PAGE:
4. by   NRSKarenRN
    The focus is on "ALWAYS" as thats the only score being publically reported

    Patients who reported that their nurses "Always" communicated well.
    Patients who reported that their doctors "Always" communicated well.
    Patients who reported that they "Always" received help as soon as they wanted.
    Patients who reported that their pain was "Always" well controlled
    Patients who reported that staff "Always" explained about medicines before giving it to them.
    Patients who reported that the area around their room was "Always" quiet at night.
    Example: Pennsylvania Hospital:


    Check your own hospital scores at: Hospital Compare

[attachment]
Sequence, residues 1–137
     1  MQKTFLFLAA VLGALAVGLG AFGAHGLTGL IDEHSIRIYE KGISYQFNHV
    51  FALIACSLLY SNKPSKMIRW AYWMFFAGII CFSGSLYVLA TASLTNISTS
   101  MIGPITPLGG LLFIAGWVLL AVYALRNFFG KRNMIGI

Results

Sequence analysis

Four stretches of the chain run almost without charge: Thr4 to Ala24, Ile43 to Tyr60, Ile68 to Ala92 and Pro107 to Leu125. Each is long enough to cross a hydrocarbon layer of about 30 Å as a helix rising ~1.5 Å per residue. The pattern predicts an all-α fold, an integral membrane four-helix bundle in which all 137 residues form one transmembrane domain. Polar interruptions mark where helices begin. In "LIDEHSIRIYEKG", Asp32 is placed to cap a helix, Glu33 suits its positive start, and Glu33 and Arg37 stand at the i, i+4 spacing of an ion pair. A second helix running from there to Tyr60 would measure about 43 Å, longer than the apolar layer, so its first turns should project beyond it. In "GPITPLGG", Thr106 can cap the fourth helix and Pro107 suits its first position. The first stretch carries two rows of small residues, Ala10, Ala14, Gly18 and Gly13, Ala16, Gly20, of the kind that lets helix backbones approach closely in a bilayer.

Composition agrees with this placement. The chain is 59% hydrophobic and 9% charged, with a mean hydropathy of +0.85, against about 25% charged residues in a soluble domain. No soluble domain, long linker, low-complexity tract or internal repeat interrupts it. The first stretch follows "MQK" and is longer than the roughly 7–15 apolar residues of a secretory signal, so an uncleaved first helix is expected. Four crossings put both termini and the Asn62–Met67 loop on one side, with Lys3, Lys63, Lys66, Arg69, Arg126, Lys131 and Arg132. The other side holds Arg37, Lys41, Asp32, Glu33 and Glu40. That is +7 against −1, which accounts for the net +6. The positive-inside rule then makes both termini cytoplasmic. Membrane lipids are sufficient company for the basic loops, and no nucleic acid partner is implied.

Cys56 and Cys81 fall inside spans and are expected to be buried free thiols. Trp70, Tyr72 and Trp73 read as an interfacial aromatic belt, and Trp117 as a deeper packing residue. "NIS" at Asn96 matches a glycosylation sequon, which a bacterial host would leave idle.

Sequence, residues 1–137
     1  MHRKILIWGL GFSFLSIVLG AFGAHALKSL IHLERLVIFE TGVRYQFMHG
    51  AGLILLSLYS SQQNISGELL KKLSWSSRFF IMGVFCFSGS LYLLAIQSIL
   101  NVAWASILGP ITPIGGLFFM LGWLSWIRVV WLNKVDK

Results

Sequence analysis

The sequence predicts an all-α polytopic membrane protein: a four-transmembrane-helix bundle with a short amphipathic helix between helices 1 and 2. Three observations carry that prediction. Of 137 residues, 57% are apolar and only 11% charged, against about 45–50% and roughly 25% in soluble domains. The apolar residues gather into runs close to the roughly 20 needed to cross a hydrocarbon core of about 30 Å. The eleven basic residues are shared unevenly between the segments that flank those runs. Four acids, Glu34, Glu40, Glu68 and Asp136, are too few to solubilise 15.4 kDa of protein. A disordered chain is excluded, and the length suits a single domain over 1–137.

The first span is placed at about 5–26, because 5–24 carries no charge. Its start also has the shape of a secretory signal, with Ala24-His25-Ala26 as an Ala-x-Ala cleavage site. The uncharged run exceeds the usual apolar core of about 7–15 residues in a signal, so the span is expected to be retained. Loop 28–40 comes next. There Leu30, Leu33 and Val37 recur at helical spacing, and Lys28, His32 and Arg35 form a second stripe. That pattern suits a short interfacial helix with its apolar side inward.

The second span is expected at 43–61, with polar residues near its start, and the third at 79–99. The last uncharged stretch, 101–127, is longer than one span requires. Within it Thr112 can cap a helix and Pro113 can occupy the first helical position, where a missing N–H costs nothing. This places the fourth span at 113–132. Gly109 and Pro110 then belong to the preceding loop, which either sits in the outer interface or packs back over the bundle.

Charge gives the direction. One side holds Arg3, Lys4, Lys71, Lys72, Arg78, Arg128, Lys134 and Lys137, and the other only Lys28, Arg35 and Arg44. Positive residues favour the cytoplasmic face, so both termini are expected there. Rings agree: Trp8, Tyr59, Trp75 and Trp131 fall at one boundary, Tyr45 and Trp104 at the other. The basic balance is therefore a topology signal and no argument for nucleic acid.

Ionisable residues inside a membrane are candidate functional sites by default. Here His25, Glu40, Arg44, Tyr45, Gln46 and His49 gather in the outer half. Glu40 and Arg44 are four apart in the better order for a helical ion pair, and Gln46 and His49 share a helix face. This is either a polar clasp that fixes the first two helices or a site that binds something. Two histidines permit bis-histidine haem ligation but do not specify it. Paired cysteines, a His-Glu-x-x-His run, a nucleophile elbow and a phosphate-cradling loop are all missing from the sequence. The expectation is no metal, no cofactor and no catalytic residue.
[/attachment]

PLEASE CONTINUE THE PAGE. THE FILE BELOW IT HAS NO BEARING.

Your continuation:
5. by   dudette10
    Patients who reported that they "Always" received help as soon as they wanted.
    Uh-oh. The speed of "service" is objectively measured even at fast food restaurants, and that's an assembly line-type service, not a service that requires prioritization of need.
  6. by   Ginger's Mom
    Before, any of these measures became law, you have the right to make comments, to Medicare. How many complaining now took the time to post their thoughts? The time to complain is before the measures are intacted into law, not when you don't like the results.
  7. by   tmgrivetti
    HCAHPS is under the auspice of CMS (Medicare and Medicaid). I am quite sure this is a given for this discussion.

    70% of hospital reimbursement will be for patient outcomes and 30% will be based on patient satisfaction. Beginning in 2013, the reimbursement phase begins. Organizations in the 75th - 90th percentiles with actionable increases and positive changes in their overall scores, stand to gain the full reimbursements plus a potential bonus. Those organizations below the 75th percentile will lose reimbursement.